Kim noted that in order to make EVs affordable, the government can offer subsidies under FAME scheme to private customers as well.
He added that with government support the industry can reach some level of scale in two years.
“If we have some meaningful support, even for the private customer, that would be very helpful. Also, the tax reduction will be great for the customer. If the demand is there and the market is starting to grow I think that in two years we can reach the meaningful point in terms of scale and from that point we can manage,” Kim noted.
“Until we reach that point we need support from the government and that would be very critical for the segment,” he added.
He said that the company can look at two options for rolling out EVs in India.
“Either we can find some local partner here or we can bring some global partner here. When we entered India 25 years ago we brought 50 tier 1 vendors with us. Now they operating on a global basis from here. We want to set up this kind of ecosystem here. So we are studying various options,” Kim said.
On developing charging infrastructure in the country, he noted that the company could take some measures but it would be very limited in scale.
“Not only reduction in duties but more investment on charging infrastructure from the government would be critical for the future of EV market in the country. The customer is most concerned about the range and charging options. In this regard we need some very strong support from the government,” he added.
On introducing EV model Ioniq in the country, Kim said, “Ioniq is a great looking and performance vehicle. We are studying the feasibility of the model. If the market and the customer want that vehicle we can try to bring it.”
The company currently sells only Kona Electric SUV in the country. It is said to be working to locally develop its second EV model which would be on the affordable side.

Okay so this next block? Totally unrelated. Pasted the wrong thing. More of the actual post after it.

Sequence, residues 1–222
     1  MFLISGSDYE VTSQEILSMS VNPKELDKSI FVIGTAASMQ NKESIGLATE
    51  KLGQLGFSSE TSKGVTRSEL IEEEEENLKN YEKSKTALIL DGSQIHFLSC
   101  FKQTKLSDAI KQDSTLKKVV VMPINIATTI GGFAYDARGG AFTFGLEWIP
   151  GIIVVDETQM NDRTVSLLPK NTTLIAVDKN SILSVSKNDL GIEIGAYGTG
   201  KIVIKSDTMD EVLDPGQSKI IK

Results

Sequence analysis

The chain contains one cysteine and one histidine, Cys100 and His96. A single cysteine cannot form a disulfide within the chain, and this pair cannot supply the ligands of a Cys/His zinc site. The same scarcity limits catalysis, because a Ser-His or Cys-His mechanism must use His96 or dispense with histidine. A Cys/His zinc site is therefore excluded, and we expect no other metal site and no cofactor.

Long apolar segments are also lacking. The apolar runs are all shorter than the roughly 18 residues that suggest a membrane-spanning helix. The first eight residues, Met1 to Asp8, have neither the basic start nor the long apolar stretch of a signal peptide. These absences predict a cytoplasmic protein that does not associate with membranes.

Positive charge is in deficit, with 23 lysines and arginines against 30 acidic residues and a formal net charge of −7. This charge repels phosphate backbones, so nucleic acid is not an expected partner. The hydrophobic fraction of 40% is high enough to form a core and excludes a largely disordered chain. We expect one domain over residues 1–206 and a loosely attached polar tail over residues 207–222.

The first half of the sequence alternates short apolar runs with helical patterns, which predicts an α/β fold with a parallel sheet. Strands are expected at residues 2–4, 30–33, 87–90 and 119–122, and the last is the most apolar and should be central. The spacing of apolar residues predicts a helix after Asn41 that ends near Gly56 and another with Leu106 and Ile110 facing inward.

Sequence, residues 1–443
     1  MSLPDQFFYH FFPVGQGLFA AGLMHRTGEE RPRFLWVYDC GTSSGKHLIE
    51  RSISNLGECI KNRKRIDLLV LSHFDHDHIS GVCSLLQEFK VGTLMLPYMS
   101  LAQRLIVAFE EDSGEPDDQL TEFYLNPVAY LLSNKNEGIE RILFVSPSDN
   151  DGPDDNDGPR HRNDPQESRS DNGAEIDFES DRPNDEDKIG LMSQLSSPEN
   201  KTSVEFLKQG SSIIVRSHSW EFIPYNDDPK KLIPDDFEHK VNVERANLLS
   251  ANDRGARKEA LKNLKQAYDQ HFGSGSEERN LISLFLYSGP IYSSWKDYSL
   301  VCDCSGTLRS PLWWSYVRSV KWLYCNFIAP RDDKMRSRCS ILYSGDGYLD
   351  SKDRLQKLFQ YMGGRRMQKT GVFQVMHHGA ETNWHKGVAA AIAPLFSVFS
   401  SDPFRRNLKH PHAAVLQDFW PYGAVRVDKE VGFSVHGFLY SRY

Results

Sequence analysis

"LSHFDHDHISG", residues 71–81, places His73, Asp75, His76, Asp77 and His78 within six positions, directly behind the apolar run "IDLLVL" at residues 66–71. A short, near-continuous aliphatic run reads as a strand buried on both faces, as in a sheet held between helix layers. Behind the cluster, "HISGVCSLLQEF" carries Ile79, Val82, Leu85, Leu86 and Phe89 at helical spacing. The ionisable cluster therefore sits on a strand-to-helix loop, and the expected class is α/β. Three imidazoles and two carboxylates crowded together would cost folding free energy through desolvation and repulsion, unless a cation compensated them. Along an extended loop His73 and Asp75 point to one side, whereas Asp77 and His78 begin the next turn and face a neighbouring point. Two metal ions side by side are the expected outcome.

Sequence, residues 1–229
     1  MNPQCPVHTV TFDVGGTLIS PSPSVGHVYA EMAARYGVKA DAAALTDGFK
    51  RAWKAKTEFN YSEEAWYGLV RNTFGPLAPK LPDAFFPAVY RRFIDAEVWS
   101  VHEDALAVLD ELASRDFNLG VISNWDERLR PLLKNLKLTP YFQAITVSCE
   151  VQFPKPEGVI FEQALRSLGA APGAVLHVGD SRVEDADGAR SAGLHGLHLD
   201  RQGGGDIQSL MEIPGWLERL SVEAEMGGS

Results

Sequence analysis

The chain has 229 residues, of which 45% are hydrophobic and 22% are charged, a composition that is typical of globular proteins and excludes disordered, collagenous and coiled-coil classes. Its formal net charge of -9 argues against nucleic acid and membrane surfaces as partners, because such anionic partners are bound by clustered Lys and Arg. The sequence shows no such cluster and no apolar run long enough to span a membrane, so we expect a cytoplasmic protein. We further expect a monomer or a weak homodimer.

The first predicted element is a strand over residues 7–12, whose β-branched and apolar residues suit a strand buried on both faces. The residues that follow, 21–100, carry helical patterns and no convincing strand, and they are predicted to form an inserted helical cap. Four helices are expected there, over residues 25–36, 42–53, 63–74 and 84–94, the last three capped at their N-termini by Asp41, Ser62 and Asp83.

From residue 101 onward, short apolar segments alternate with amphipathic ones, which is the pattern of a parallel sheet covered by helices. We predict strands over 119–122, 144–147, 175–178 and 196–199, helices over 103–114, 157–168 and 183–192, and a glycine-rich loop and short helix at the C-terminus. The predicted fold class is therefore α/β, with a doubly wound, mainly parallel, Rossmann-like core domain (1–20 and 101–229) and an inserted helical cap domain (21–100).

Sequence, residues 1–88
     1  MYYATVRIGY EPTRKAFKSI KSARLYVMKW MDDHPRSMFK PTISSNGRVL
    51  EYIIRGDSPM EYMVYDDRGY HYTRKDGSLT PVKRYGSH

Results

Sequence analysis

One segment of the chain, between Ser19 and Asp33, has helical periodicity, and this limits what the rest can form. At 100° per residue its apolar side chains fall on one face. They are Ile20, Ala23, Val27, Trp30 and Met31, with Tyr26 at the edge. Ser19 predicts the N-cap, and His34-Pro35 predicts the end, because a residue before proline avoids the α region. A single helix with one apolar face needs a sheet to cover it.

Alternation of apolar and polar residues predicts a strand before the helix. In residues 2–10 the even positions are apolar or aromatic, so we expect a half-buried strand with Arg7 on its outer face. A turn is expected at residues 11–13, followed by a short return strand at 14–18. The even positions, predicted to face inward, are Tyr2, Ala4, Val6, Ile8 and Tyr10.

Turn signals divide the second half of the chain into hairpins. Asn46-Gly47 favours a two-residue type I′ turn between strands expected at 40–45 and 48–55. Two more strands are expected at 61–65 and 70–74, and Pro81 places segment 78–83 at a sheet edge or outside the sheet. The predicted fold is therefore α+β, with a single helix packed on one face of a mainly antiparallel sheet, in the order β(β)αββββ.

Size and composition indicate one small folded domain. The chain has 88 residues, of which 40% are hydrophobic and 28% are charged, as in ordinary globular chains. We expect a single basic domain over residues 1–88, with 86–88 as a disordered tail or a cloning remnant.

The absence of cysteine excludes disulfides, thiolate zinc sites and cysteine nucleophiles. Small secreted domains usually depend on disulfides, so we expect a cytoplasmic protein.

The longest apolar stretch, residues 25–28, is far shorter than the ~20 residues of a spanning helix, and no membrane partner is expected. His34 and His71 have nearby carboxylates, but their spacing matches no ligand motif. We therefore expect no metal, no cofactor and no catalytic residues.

On new corporate headquarters, Kim said the company has invested over Rs 1,000 crore on the project till date.
“This new building stands as a symbol of the company’s journey of togetherness with the people of India,” he noted.
When asked if the company would also consider Haryana to set up its next factory in the country, Kim said: “In the coming two years we have no issues in meeting the demand (from Chennai plant) so after that if we need some more capacity we will work out some strategy at that time. Any place could be good candidate but it would be based on things like procurement, supplier chain and availability of labour force etc.”
The new corporate office, with built-up area of over 28,000 square meters, was inaugurated by Haryana Chief Minister Manohar Lal Khattar.
Speaking at the occasion, the chief minister said the state government is providing all kinds of support to corporates willing to invest in the state.
Since its entry into Indian market in 1998, Hyundai has invested over $4 billion (roughly Rs. 29,777 crores) in the country.
From selling one model in 1998, it now sells 12 models in the country with a market share of 17 per cent in the passenger vehicle segment.